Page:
Luck, who has been the Colts' starter since 2012 as a rookie from Stanford when he replaced Peyton Manning, was on the sideline for a preseason game Saturday night in Indianapolis against the Chicago Bears when ESPN reported the news.
Luck -- already ruled out of the game due to an ankle injury -- had met with Colts owner Jim Irsay earlier to tell him of the decision.
After the game, he publicly confirmed his decision during a 25-minutes news conference though he said an official announcement was planned on Sunday.
"I've been stuck in this process," an emotional Luck told reporters. "I haven't been able to live the life I want to live. It's taken the joy out of this game ... the only way forward for me is to remove myself from football.
"This is not an easy decision. It's the hardest decision of my life. But it is the right decision for me.''
Some Colts fans booed him as he walked off the field after the 27-17 loss to the Bears.
"I'd be lying if I said I didn't hear it," Luck said of the boos. "Yeah, it hurt."
During his first three seasons in the NFL, Luck led the Colts to the playoffs, including back-to-back AFC South titles and the AFC Championship Game in 2014. Last season, the Colts made the playoffs -- beating the Houston Texans but losing to the Kansas City Chiefs.
"We have nothing but gratitude and thankfulness for the blood, sweat and tears he spilled as No. 12," Irsay said. "Part of our heart is broken tonight. We know we must go forward."
Luck has been beset with injuries, including this year when he sustained a calf strain that kept him out of the team's offseason activities and minicamp. Luck took part in only three days of training camp with limited participation.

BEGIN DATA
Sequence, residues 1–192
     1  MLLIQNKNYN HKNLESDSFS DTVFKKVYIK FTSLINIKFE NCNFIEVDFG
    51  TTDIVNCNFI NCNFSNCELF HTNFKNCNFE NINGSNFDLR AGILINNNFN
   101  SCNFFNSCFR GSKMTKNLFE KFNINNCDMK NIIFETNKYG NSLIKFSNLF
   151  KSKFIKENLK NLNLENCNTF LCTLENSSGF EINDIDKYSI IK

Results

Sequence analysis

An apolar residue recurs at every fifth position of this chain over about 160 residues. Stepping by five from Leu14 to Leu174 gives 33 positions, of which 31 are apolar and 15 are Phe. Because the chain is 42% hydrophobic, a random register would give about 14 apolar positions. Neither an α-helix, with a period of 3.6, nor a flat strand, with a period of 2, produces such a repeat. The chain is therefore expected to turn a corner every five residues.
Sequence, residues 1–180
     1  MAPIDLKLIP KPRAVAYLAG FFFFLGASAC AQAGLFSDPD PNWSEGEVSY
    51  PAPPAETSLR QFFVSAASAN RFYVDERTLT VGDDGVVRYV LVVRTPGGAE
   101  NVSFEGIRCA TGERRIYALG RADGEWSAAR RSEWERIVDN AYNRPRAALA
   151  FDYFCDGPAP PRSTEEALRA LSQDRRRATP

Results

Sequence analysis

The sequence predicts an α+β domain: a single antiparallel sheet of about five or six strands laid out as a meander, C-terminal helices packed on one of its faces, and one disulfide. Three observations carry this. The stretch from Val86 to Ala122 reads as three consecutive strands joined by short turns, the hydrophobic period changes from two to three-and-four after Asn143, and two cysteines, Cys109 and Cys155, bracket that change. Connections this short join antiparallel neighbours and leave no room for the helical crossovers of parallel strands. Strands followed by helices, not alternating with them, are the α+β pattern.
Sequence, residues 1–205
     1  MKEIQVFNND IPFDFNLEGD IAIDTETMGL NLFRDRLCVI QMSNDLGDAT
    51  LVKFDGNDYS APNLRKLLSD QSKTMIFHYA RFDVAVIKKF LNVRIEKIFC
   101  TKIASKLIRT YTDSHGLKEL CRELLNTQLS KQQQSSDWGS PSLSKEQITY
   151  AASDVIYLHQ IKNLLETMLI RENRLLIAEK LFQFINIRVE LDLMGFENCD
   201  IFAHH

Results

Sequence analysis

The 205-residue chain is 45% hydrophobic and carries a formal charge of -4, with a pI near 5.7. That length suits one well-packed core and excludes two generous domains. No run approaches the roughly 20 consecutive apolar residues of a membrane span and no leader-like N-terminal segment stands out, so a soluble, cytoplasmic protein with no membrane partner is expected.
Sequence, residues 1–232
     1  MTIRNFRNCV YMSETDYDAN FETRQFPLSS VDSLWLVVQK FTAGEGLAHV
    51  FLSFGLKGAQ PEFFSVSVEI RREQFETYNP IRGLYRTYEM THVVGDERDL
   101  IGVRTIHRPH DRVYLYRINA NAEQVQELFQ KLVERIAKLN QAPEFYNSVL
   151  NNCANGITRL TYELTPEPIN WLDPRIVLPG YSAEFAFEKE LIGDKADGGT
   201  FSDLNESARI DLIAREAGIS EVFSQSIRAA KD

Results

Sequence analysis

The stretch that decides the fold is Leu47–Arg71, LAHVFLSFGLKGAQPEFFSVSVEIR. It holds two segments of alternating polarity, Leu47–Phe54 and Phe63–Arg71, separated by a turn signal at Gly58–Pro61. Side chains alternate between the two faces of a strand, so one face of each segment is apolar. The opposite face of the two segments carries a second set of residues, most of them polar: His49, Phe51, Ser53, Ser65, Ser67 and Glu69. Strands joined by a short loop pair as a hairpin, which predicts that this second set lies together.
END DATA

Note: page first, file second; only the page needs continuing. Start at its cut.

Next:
"I'm in pain; I'm still in pain," he said. "It's been four years of this pain, rehab cycle. It's a myriad of issues -- calf strain, posterior ankle impingement, high ankle sprain. Part of my journey going forward will be figuring out how to feel better.''
Two week ago, he said he first started thinking about retirement.
General manager Chris Ballard said they started discussing the potential decision early last week.
"It was Monday," Ballard said. "We all sat down and had a talk and continued through the week. Emotional talks on our parts. Not any negative emotional talks. Just some real honest talks. But did not get a sense. I watched Andrew go through the shoulder, his routine and how he rehabbed and worked through things. He was going through the same process all the way from when he walked in the building. He came in Monday and started working through this."
He has missed 26 games -- including the entire 2017 season -- with shoulder, kidney and rib injuries.
But in 2018, he threw for 4,593 yards and 39 touchdowns to win NFL Comeback Player of the Year and lead the Colts back to the playoffs for the first time since the 2014 season.
In Week 3 of the 2015 season, he also had a shoulder injury.
Luck, who turns 30 on Sept. 12 -- four days after the season opener at San Diego -- finishes his career with 2,000 completions, 3,290 attempts, 23,671 yards, 171 touchdowns and 83 interceptions.
ESPN.com's Adam Schefter reported that Luck won't have to pay $12.8 million bonus money from the two years left on his five-year contract in 2016 for $140 million as allowed under the collective bargaining agreement. His five-year extension included a $32 million signing bonus that was prorated out to a cap hit of $6.4 million per year.
In addition, the Colts could have sought Luck's 2019 roster bonus of $12 million paid out in March, according to agent Joel Corry.
That year, Brissett started 15 games, throwing for 3,098 yards, with 13 touchdowns and seven interceptions. The Colts were 4-11 record in Brissett's 15 starts, and he ranked 27th out of 30 qualified quarterbacks.
Caesars Sportsbook moved Indianapolis' Super Bowl odds from 12-1 to 30-1 after Luck's announcement.